Population: 30,500,000 (est.)
Official Languages: Pashto, Dari (Persian)
National Dish(es): Qabili Palau
- The Afghan afghani is the currency of Afghanistan.
- The official religion in Afghanistan is Islam, which is practiced by over 99% of its citizens. Sunni Islam makes up 80-89% of the total population while the remaining 10-19% are Shi’as and about 1% or less practice other religions. At a population growth rate of 3.85, Afghanistan has the fastest growing Muslim population in the world.
- The New Year in Afghanistan, called Nawroz, is celebrated on 21 March which is the first day of spring.
- Afghanistan’s main source of income comes from agriculture.
- Afghanistan is also rich in natural resources with the main ones being natural gas and oil.
Afghanistan, officially the Islamic Republic of Afghanistan, is a landlocked country forming part of South Asia, Central Asia, and to some extent Western Asia. With a population of around 30 million, it has an area of 647,500 km2 (250,001 sq mi), making it the 42nd most populous and 41st largest nation in the world. It is bordered by Pakistan in the south and the east, Iran in the west, Turkmenistan, Uzbekistan and Tajikistan in the north, and China in the far northeast.
Afghanistan has been an ancient focal point of the Silk Road and human migration. Archaeologists have found evidence of human habitation from as far back as the Middle Paleolithic. Urban civilization may have begun in the area as early as 3,000 to 2,000 BCE. Sitting at an important geostrategic location that connects the Middle East culture with Central Asia and the Indian subcontinent, the land has been home to various peoples through the ages and witnessed many military campaigns, notably by Alexander the Great, Genghis Khan, and in modern era Western forces. The land also served as a source from which the Greco-Bactrians, Kushans, Hephthalites, Saffarids, Ghaznavids, Ghorids, Khiljis, Timurids, Mughals, Durranis, and others have risen to form major empires.
The political history of the modern state of Afghanistan begins in 1709, when the Hotaki dynasty was established in Kandahar followed by Ahmad Shah Durrani’s rise to power in 1747. In the late 19th century, Afghanistan became a buffer state in the “Great Game” between the British and Russian empires. Following the 1919 Anglo-Afghan War, King Amanullah began a European style modernization of the country but was stopped by the ultra-conservatives. During the Cold War, after the withdrawal of the British from neighboring India in 1947, the United States and the Soviet Union began spreading influences in Afghanistan, which led to a bloody war between the US-backed mujahideen forces and the Soviet-backed Afghan government in which over a million Afghans lost their lives. This was followed by the 1990s civil war, the rise and fall of the extremist Taliban government and the 2001–present war. In December 2001, the United Nations Security Council authorized the creation of the International Security Assistance Force (ISAF) to help maintain security in Afghanistan and assist the Karzai administration.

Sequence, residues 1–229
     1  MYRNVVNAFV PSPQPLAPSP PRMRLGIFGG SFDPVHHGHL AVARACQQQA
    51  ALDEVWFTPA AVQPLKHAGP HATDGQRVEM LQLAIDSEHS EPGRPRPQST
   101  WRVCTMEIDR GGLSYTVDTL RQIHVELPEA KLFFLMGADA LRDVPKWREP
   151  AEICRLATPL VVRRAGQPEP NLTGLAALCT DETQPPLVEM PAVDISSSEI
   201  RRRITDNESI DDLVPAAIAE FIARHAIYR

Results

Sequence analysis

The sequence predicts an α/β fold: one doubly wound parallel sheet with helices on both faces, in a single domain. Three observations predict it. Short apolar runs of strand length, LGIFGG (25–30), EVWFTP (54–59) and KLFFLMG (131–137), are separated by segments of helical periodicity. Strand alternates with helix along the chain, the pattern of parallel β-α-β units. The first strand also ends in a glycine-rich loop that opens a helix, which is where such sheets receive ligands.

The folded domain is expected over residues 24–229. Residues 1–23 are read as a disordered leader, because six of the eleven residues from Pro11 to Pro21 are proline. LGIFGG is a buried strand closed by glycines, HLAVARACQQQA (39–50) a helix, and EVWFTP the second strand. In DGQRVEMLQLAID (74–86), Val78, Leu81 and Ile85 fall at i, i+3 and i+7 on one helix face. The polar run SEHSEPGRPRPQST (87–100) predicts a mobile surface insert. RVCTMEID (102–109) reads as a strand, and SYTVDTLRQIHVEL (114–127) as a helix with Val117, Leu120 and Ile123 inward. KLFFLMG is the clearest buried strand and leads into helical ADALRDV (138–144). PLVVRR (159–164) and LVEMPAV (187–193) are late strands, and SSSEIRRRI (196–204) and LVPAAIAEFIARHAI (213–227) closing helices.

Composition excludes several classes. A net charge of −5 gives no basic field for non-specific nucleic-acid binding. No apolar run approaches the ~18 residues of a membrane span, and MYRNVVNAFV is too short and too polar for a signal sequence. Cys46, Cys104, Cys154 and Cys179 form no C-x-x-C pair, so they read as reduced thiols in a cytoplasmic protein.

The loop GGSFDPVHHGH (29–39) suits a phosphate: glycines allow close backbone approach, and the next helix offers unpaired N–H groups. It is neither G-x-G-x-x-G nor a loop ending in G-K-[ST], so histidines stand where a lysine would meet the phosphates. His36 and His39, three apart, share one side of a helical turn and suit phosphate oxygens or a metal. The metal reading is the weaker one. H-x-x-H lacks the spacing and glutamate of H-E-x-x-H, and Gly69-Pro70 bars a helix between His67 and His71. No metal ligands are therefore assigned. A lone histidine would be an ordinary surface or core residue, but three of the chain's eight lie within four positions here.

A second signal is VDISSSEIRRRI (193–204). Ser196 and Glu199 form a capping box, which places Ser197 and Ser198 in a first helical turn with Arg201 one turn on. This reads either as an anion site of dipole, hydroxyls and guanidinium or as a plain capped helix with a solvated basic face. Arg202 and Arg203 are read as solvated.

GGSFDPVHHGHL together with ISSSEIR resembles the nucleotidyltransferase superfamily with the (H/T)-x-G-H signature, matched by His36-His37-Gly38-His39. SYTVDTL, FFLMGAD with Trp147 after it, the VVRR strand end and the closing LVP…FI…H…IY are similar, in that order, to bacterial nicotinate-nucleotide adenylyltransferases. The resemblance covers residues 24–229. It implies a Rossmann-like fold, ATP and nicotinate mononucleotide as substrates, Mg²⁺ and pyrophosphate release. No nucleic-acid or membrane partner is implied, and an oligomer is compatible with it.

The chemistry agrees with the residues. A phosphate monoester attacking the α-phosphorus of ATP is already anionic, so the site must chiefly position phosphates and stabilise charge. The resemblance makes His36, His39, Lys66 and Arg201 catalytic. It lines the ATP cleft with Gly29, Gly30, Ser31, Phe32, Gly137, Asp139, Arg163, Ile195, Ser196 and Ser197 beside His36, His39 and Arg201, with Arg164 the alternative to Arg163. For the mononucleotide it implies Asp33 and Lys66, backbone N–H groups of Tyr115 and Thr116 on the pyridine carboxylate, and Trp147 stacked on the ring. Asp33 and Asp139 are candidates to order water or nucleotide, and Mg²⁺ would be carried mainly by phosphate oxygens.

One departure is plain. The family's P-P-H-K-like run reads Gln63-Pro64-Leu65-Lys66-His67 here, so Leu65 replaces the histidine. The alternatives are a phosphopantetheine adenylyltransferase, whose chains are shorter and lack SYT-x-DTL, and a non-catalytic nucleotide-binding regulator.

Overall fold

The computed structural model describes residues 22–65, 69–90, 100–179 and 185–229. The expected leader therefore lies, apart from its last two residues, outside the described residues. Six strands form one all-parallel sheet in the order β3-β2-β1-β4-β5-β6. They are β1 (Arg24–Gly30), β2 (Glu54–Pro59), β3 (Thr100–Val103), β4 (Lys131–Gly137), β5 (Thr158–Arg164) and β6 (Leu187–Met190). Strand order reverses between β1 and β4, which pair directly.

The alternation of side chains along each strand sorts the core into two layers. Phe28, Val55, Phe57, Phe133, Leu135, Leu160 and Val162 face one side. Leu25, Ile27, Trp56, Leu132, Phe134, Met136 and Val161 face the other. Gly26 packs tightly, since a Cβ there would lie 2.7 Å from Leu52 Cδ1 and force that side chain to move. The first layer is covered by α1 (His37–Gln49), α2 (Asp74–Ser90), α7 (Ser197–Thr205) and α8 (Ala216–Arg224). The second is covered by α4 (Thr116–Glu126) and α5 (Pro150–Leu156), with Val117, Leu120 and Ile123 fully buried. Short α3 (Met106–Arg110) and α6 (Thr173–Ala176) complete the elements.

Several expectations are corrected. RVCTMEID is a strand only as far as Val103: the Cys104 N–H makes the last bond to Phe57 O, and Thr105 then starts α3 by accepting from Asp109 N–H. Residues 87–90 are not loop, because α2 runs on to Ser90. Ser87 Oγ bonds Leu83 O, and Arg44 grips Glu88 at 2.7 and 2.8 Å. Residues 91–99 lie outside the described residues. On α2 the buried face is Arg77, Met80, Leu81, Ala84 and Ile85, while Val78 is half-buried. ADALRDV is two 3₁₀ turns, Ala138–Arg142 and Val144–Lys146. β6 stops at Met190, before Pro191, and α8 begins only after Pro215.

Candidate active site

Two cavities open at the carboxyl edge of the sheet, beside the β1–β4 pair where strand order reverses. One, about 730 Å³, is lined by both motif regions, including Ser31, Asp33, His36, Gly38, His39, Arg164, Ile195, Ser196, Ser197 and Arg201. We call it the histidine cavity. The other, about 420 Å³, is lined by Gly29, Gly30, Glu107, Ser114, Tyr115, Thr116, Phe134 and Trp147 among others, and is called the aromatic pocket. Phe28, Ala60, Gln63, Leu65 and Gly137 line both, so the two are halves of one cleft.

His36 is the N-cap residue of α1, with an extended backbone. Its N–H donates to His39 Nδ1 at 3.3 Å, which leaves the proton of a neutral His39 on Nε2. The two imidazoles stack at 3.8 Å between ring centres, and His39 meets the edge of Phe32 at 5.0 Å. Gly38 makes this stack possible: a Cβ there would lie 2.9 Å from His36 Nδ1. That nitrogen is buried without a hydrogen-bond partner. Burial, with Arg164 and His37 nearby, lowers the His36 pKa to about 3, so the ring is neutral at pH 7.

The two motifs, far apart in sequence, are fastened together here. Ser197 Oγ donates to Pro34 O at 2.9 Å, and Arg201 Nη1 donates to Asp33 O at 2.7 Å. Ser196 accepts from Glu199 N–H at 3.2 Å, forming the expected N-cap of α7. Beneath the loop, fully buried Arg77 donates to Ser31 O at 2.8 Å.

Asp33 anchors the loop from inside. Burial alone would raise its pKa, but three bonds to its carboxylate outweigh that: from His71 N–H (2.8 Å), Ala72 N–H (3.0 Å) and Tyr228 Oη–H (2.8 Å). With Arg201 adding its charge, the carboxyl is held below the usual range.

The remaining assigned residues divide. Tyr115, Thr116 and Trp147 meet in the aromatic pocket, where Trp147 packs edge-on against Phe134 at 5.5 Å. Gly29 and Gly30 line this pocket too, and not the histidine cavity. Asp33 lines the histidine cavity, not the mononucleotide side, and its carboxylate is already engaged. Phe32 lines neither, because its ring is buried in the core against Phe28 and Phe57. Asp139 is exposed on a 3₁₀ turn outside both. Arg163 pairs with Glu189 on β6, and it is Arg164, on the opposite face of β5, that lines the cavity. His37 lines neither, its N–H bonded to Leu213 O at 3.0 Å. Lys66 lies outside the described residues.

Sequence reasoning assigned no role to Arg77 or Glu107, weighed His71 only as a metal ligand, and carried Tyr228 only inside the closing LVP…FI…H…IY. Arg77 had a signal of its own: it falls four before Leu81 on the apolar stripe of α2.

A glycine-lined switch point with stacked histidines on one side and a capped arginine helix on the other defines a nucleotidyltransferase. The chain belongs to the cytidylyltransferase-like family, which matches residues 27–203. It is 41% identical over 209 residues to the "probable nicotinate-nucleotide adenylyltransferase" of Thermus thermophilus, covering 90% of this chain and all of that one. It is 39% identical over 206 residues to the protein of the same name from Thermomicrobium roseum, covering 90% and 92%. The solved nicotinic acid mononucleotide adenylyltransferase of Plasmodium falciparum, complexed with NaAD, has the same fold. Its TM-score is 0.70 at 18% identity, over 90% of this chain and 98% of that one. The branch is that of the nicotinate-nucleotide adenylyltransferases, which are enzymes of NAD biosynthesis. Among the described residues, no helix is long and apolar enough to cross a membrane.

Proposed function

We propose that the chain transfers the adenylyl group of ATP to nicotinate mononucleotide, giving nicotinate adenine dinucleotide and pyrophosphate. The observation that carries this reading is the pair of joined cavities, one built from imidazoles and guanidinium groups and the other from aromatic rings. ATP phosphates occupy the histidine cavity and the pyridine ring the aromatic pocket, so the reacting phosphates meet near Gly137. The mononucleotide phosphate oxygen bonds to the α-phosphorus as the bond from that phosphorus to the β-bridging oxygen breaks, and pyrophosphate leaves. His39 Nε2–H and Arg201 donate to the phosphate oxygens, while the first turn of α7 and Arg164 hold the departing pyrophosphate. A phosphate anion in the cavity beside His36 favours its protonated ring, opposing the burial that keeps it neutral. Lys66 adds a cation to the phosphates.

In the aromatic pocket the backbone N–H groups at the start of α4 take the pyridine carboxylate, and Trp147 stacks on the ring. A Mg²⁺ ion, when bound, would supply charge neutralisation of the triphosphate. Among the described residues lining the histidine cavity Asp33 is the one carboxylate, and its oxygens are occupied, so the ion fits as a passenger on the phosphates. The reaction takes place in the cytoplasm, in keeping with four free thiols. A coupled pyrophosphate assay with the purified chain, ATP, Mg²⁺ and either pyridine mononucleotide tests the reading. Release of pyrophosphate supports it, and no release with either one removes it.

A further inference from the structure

Three decades of war made Afghanistan the world’s most dangerous country, including the largest producer of refugees and asylum seekers. While the international community is rebuilding war-torn Afghanistan, terrorist groups such as the Haqqani Network and Hezbi Islami are actively involved in a nationwide Taliban-led insurgency, which includes hundreds of assassinations and suicide attacks. According to the United Nations, the insurgents were responsible for 80% of civilian casualties in 2011 and 2012.